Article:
Dealing with MW’s final argument that its services were so closely linked to the taxable sale of the car that they should be similarly taxed, referencing BGZ Leasing, the court restated that insurance transactions inherently link to the items they cover. However, that link is not enough itself to determine whether or not there is a single transaction. If every insurance transaction was taxable, simply because the services or goods it linked to were taxable, the aim of the insurance exemption would be frustrated. The court also confirmed that the starting point for any single or multiple supply analysis is that every transaction must normally be regarded as distinct. 
As applied to MW’s facts, the court found that the sale of the car and the independent supply of the warranty were not closely linked, so as to form a single supply. No aspects of the transaction suggested that a single transaction had taken place. The dealership did not provide the warranty; indeed, the purchaser could buy MW’s warranty or any other, and the right to terminate the warranty did not impact the contract for the sale of the car. Accordingly, there were two supplies by two independent suppliers to be considered separately for VAT purposes. 

Impact of the judgment

Warranties: The French courts will now have to apply this decision to MW’s particular circumstances; however, the case raises interesting issues in the UK. Given the court’s conclusions, warranties sold in similar situations may now be exempt from VAT, with consequences for the related input tax. 
For third party extended warranties, HMRC’s current guidance suggests there may be little change. HMRC’s VAT Insurance Manual (at VATINS3720) says that such warranties are generally treated as insurance. However, the decision may prompt increased scrutiny by HMRC of any third party warranty providers that currently charge VAT. 
In terms of retailer and manufacturer warranties, HMRC’s guidance (Notice 701/36 at 3.7.2) states that ‘guarantees and warranties provided by the manufacturer or retailer of the goods are very unlikely to be seen as insurance’. However, following the judgment, it may difficult to distinguish these warranties from those provided by MW purely on the basis that the provider has some control over risk, i.e. the quality of the products. In this respect, the silence of the court on the neutrality argument is unhelpful. It is undoubtedly the case that such warranties bear insurance-like features, and so the importance that HMRC attaches to the opinion will be critical.
The court’s single/multiple supply analysis means there is likely to be greatest uncertainty regarding manufacturer warranties. Providers will need to consider whether their position can be distinguished from that of Mapfre, due to factual differences. Their cause is not helped by the court’s acknowledgment that it had very few facts before it. Distinctions are easier to make from specific and detailed facts rather than a broad statement of principle, as is the case here.
All that said, to the extent that a provider’s facts fall squarely within HMRC’s existing guidance, there should be limited threat of a retrospective challenge from HMRC. As shown in recent cases, such as ATP PensionService (C-464/12), HMRC is generally respectful of taxpayers’ legitimate expectations.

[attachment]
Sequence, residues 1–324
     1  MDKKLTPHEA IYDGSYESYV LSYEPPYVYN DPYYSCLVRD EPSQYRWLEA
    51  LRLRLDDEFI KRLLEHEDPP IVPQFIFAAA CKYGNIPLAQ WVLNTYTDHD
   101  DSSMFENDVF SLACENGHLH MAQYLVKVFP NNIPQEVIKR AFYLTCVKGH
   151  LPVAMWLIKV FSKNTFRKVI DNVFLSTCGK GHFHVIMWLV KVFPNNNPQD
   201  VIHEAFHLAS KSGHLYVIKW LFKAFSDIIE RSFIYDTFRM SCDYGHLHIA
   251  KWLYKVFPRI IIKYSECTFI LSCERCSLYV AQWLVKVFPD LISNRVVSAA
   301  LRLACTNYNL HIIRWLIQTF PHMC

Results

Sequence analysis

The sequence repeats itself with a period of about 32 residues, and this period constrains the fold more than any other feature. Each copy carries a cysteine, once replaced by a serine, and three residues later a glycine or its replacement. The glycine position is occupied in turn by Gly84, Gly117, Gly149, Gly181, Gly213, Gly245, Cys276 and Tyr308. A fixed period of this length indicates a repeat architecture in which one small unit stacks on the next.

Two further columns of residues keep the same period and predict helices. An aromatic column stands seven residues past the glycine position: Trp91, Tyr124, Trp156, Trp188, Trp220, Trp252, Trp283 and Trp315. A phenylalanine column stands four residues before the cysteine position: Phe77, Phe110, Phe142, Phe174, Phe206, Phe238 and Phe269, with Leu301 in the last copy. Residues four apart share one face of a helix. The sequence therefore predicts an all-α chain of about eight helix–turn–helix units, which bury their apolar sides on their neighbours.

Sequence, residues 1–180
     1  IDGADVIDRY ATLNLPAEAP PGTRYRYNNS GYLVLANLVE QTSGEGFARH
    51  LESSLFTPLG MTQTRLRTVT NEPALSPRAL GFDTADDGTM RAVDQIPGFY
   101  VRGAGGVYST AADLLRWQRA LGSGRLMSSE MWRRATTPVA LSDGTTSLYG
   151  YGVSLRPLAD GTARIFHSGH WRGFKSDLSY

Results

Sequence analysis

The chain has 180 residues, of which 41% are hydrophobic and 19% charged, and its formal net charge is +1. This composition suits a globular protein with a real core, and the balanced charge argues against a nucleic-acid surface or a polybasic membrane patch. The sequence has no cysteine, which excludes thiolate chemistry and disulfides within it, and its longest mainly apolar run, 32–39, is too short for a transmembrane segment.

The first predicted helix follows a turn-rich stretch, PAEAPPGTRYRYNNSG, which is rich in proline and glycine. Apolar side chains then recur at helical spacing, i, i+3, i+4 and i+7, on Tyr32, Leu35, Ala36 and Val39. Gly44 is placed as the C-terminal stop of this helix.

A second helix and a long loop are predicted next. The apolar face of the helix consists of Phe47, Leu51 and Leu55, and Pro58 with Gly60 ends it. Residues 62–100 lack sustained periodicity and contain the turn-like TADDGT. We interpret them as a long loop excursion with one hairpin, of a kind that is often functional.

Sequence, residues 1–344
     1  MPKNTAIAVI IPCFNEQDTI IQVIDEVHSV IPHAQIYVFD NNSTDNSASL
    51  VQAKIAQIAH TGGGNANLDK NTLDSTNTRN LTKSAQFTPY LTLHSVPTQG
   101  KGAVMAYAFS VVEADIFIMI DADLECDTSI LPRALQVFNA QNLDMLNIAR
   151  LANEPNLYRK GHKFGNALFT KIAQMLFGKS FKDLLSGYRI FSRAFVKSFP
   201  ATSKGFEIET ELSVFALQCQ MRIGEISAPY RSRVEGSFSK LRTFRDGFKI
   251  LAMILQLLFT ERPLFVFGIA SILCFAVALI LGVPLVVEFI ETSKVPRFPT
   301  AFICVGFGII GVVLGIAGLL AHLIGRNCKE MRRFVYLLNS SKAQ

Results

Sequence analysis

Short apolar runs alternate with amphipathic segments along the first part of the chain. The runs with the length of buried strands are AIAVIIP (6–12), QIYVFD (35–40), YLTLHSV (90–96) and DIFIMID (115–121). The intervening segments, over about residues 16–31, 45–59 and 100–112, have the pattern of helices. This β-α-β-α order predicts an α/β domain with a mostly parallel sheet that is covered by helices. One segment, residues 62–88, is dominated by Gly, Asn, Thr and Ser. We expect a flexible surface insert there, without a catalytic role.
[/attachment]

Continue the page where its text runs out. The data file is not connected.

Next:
As to other contracts with some insurance-like features, e.g. annual servicing contracts with guarantees, the first question for the provider is: Which element predominates? Contracts for annual servicing with parts guaranteed are unlikely to be insurance. The position is less clear where repair cover has an annual service as a pre-condition. 
IPT: The impact of IPT also requires thought. The CJEU’s judgment has no precedent value for UK IPT purposes. However, it will influence HMRC’s approach, as HMRC’s IPT guidance largely mirrors the VAT guidance on insurance contracts. If, going forward, more warranty and similar contracts are VAT exempt insurance, it would be surprising if HMRC did not align the IPT treatment. 
When IPT was introduced, it was intended to have the same fiscal impact as subjecting insurance to VAT (whether this remains true is debatable). The exception is, of course, the higher rate of IPT, designed to counter avoidance and subjecting certain insurance contracts to a 20% IPT rate. If it could be argued that Mapfre would have only minimal impact on warranty contracts subject to standard rate IPT, the same cannot be said for contracts attracting higher rate IPT, where the same rate of tax would be applied on ‘outputs’, but with no input tax recovery. 
For the past, there is a potential mismatch between IPT and VAT. Could it be open to warranty providers to exercise directly effective rights to seek a VAT exemption to support a retrospective claim, and shelter behind HMRC’s guidance to maintain a position that IPT is not due? The legal vires for such an approach requires careful consideration and, at the risk of stating the obvious, HMRC would regard that line as controversial.

Where does this leave us?

It is tempting to see Mapfre as ‘bad news’, but this is not necessarily the case. The guidance from the judgment is clear, and clarity in indirect tax is clearly a good thing. That said, we are reliant on HMRC interpreting the case with similar clarity in order to give taxpayers certainty for the future. We should also bear in mind that it may be good news in individual cases. A move to VAT exemption may be commercially and financially advantageous for some, and it will be interesting to see whether any taxpayers invoke their directly effective rights for past periods as a consequence of this case. In any event, providers of warranty products with insurance-like features would do well to review their position now.